Editor’s note: In the second part of the series “Crohn’s Disease Questions,” Mary Horsley discusses comments about IBD that can hurt. Read the first part of the series here.
To begin this series, I had originally planned on discussing “Basic Questions.” Instead, I think I’ll focus on questions and comments that can hurt.
Questions that can hurt: Some of these may be asked by people who truly care, but they hurt all the same. Assuming, commenting, or asking questions without doing research can lead to hurt feelings and a sense of guilt and self-blame.
What’s wrong with you? Are you better today? Are you pregnant? Are you just lazy and don’t want to work? Why can’t you work? Is it just a pooping disease, or, you need to go to the bathroom again? How do you stay so thin, or, why aren’t you skinny? Is it really that bad? How and why are you so tired if you sleep all of the time and you haven’t done anything? Are you sure you’re sick? Aren’t you too young to be this sick? Are you really trying to get better and cure yourself? Do you have to talk about it? Is it for attention? Why don’t you calm down? So, you poop yourself a lot? Do you really want a “poop bag?” How can you live with this? My stomach hurts a lot, do I have it, too? What did you do to get Crohn’s? Isn’t it just a gluten thing?
Everyone with a chronic illness has heard some type of comment or concern about their illness, when the reality is that it’s their illness and no one else’s. These comments can hurt people who already are hurting.
For IBD patients, many have found treatments to help manage their Crohn’s. Without a cure, we have to be in tune with our bodies and know what works for each of us, because no two patients will suffer the same way.
For some, diets have helped IBD patients manage their symptoms, and for others, it takes medications like injections or infusions to bring them to remission. For still others, a mixture of both can work wonders, but many still battle daily, and not by their own choosing.
Recently, I was contacted through my Facebook blog with some insensitive comments stating that I chose to be sick, and my journey to remission was for attention. They said I should lay off the gluten and I wouldn’t be “shitting so much” (their words, not mine.)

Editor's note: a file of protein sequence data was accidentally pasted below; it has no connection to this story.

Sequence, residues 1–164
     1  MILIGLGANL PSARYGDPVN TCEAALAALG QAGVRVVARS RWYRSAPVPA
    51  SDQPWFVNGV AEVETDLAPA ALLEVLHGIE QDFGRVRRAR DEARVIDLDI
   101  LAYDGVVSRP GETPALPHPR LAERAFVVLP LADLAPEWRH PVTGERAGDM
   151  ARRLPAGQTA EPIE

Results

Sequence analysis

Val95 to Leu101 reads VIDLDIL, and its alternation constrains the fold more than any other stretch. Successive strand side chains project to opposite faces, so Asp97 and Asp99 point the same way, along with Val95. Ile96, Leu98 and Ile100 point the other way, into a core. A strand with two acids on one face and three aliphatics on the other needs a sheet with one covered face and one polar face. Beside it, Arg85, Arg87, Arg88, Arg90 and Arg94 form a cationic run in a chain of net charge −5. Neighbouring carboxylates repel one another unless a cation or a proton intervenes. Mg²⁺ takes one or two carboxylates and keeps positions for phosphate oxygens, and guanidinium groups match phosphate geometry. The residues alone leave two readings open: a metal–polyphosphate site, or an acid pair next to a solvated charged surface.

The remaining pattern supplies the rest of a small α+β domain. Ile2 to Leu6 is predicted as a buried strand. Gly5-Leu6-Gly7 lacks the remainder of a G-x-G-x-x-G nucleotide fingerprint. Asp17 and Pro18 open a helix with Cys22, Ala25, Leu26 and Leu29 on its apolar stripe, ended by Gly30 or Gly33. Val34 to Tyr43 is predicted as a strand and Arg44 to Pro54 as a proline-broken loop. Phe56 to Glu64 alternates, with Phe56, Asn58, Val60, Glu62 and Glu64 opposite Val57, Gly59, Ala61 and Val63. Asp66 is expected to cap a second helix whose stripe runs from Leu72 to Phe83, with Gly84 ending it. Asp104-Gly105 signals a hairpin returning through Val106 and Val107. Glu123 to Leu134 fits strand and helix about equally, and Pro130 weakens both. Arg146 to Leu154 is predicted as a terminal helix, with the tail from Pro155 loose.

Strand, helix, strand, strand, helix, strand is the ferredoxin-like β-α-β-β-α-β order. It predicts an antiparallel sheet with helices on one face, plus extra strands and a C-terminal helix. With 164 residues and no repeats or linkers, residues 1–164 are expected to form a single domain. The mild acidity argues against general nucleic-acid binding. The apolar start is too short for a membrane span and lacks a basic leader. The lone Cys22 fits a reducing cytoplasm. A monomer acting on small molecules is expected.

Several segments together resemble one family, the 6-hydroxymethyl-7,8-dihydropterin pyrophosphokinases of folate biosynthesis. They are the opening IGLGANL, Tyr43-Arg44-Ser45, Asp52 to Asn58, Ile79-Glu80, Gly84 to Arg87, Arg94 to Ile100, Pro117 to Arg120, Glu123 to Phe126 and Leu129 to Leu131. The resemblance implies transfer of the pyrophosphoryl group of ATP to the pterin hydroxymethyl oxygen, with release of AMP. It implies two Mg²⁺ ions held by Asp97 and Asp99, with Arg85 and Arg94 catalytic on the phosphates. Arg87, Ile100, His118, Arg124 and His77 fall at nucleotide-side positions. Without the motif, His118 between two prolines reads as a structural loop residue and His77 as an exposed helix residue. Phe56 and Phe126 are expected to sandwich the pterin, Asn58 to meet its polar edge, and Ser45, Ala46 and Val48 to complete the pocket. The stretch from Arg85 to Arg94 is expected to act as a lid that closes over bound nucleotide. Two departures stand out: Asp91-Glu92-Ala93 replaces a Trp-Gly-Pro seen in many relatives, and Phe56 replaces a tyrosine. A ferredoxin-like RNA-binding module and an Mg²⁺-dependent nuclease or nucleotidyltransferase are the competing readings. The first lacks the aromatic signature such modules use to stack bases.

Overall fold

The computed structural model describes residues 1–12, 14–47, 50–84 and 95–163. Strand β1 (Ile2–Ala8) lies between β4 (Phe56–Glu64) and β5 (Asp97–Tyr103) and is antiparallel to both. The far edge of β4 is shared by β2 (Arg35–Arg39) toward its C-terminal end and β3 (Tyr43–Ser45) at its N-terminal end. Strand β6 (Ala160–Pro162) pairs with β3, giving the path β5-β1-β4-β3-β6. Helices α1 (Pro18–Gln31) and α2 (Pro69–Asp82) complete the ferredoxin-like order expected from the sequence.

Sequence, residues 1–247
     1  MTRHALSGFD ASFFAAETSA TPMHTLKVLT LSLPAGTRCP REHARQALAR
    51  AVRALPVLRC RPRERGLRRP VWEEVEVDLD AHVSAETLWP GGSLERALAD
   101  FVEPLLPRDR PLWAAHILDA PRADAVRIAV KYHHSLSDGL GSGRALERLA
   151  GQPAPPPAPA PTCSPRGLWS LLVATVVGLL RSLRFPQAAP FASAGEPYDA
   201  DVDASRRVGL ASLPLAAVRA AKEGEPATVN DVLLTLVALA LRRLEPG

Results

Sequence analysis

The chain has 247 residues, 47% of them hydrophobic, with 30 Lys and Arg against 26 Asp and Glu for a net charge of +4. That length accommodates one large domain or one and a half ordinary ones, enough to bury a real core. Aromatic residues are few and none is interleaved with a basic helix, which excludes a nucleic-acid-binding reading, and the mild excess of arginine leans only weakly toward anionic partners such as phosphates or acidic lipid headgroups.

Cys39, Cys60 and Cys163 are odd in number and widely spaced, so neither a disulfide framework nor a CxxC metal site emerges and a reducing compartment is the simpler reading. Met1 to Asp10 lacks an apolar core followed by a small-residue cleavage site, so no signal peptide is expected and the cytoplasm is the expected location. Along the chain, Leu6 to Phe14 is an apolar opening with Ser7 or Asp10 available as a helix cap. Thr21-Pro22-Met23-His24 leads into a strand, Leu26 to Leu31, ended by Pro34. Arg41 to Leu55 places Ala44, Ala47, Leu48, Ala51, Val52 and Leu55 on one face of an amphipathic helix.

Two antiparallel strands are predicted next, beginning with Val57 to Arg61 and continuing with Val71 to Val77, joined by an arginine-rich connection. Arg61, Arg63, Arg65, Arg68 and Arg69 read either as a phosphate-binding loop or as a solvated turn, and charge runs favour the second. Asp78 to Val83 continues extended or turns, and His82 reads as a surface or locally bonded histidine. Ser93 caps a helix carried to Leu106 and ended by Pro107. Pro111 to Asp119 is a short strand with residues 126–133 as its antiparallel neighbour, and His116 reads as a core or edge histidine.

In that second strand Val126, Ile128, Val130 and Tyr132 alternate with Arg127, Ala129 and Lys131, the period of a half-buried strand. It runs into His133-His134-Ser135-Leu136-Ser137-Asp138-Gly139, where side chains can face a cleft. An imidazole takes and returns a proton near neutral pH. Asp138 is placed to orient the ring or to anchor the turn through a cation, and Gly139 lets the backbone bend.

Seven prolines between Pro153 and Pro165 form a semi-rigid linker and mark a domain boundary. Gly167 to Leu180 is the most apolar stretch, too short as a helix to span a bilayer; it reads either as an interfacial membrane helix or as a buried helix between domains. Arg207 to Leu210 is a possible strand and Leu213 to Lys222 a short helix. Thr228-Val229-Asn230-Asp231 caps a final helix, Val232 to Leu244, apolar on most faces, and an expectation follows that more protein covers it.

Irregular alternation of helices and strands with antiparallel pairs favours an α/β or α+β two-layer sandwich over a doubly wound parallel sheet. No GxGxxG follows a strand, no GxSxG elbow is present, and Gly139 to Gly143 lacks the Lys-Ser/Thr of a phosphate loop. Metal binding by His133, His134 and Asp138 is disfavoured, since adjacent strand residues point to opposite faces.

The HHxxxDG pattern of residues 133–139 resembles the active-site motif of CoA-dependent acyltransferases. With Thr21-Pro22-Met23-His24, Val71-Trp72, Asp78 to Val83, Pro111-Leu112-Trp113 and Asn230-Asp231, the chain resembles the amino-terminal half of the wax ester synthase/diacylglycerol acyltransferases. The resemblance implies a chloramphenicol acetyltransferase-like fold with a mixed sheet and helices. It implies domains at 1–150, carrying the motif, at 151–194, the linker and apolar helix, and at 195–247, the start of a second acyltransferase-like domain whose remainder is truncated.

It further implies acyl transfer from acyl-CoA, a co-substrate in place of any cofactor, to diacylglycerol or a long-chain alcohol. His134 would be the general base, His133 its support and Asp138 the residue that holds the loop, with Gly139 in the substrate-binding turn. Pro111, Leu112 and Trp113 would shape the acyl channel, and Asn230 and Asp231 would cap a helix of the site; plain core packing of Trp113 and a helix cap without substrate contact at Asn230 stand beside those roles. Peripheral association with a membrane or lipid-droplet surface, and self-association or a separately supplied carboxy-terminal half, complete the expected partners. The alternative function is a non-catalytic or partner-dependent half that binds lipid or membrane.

Now, if I was someone else, this comment may have struck a nerve or really upset me. I admit that initially, I was outraged. But I know my body. I know what bothers my Crohn’s, and I know that I have tried everything imaginable until this point. I’ve had six different medication plans, including the current one, Entyvio. I’ve tried cutting out foods and tried diets or meals to help with irritation. With as much stress that Crohn’s causes, receiving hurtful comments with hidden jabs at my illness definitely doesn’t make me feel any better.
To think that patients choose to go to the doctor so often or make last-minute ER trips is wrong. These comments only further distress patients and cause feelings of guilt or self-blame. To think that we haven’t done our research or looked into healing ourselves further adds to the frustration.
If you must comment or question our illness, I always suggest researching what you’re asking first to avoid any miscommunication. What could be an innocent comment can easily be taken negatively when tone is lost online or when patients are already feeling defensive about things that others don’t understand.
Blaming the patient is never OK. Blaming patients suffering from IBD for something they cannot control is like blaming someone for their height, eye color, or anything else they have no say about. To question their weight, pregnancy status, work ethic, fatigue, or bathroom habits is just not good judgment.
When asking these questions, consider what a patient has gone through. When asking if it is a gluten problem, know that the patient has probably been tested more than once. When asking about weight gain or weight loss, know that the patient could be on steroids or suffering from malnutrition. When asking about a day with a tummy ache, know that the patient has probably suffered years while just waiting on their diagnosis.
IBD patients see a number of doctors and specialists. IBD patients go through a number of blood tests and invasive scopes, biopsies, X-rays, and trips to the ER due to pain, and they know their bodies pretty well after years of battling. These years of battling and the disease itself are not cured by calming down, and it is so much more than a “pooping disease.”
Crohn’s and IBD are autoimmune diseases that have an unknown cause. They don’t just happen because of a patient’s lack of care or through lifestyle choices. We did not cause this. We did not ask for this. And we certainly don’t look forward to feeling as bad as we do, nor do we want to suffer from all of the terrible symptoms we have.
For me, It Could Be Worse.
Note: IBD News Today is strictly a news and information website about the disease. It does not provide medical advice, diagnosis, or treatment. This content is not intended to be a substitute for professional medical advice, diagnosis, or treatment. Always seek the advice of your physician or another qualified health provider with any questions you may have regarding a medical condition. Never disregard professional medical advice or delay in seeking it because of something you have read on this website. The opinions expressed in this column are not those of IBD News Today, or its parent company, BioNews Services, and are intended to spark discussion about issues pertaining to IBD.
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